eCite Digital Repository

Vulnerability to climate change of mangroves: assessment from Cameroon, Central Africa


Ellison, JC and Zouh, I, Vulnerability to climate change of mangroves: assessment from Cameroon, Central Africa, Biology, 1, (3) pp. 617-638. ISSN 2079-7737 (2012) [Refereed Article]


Copyright Statement

Licenced under the Attribution 3.0 Unported (CC BY 3.0)

Official URL:

DOI: doi:10.3390/biology1030617


Intertidal mangrove ecosystems are sensitive to climate change impacts, particularly to associated relative sea level rise. Human stressors and low tidal range add to vulnerability, both characteristics of the Doula Estuary, Cameroon. To investigate vulnerability, spatial techniques were combined with ground surveys to map distributions of mangrove zones, and compare with historical spatial records to quantify change over the last few decades. Low technology techniques were used to establish the tidal range and relative elevation of the mapped mangrove area. Stratigraphic coring and palaeobiological reconstruction were used to show the longer term biological history of mangroves and net sedimentation rate, and oral history surveys of local communities were used to provide evidence of recent change and identify possible causes. Results showed that the seaward edge of mangroves had over two thirds of the shoreline experienced dieback at up to 3 m per year over the last three decades, and an offshore mangrove island had suffered 89% loss. Results also showed low net sedimentation rates under seaward edge mangroves, and restricted intertidal elevation habitats of all mangroves, and Avicennia and Laguncularia in particular. To reduce vulnerability, adaptation planning can be improved by reducing the non-climate stressors on the mangrove area, particularly those resulting from human impacts. Other priorities for adaptation planning in mangrove areas that are located in such low tidal range regions are to plan inland migration areas and strategic protected areas for mangroves, and to undertake management activities that enhance accretion within the mangroves.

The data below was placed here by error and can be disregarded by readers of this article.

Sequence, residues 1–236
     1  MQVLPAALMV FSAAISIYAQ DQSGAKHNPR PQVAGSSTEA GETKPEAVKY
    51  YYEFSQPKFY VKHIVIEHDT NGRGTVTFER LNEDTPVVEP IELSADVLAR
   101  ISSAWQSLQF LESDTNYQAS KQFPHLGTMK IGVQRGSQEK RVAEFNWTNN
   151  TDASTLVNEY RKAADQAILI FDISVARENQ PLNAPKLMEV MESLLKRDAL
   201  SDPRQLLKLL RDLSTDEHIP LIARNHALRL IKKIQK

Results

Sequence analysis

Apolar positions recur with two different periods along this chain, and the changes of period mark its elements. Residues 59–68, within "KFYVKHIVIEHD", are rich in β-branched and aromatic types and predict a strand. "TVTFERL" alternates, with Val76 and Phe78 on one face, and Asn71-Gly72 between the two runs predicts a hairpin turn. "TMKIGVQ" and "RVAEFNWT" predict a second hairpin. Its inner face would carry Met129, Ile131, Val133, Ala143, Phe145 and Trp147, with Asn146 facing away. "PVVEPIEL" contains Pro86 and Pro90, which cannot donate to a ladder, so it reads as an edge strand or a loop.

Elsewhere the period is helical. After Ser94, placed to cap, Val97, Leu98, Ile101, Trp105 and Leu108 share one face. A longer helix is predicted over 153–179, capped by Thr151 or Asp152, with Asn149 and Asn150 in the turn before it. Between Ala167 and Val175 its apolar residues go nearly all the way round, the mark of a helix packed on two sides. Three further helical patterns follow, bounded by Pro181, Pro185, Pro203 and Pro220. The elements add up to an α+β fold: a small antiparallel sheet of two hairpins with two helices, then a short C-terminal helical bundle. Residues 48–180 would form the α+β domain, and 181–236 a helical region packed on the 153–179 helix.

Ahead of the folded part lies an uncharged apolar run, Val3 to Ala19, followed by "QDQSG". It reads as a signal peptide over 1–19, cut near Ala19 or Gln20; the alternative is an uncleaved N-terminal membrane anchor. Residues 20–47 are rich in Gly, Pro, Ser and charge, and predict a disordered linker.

Item Details

Item Type:Refereed Article
Research Division:Environmental Sciences
Research Group:Environmental management
Research Field:Environmental management not elsewhere classified
Objective Division:Manufacturing
Objective Group:Wood, wood products and paper
Objective Field:Paper products and pulp
UTAS Author:Ellison, JC (Associate Professor Joanna Ellison)
ID Code:81149
Year Published:2012
Deposited By:Geography and Environmental Studies
Deposited On:2012-11-23
Last Modified:2018-02-08
Downloads:413 View Download Statistics

Repository Staff Only: item control page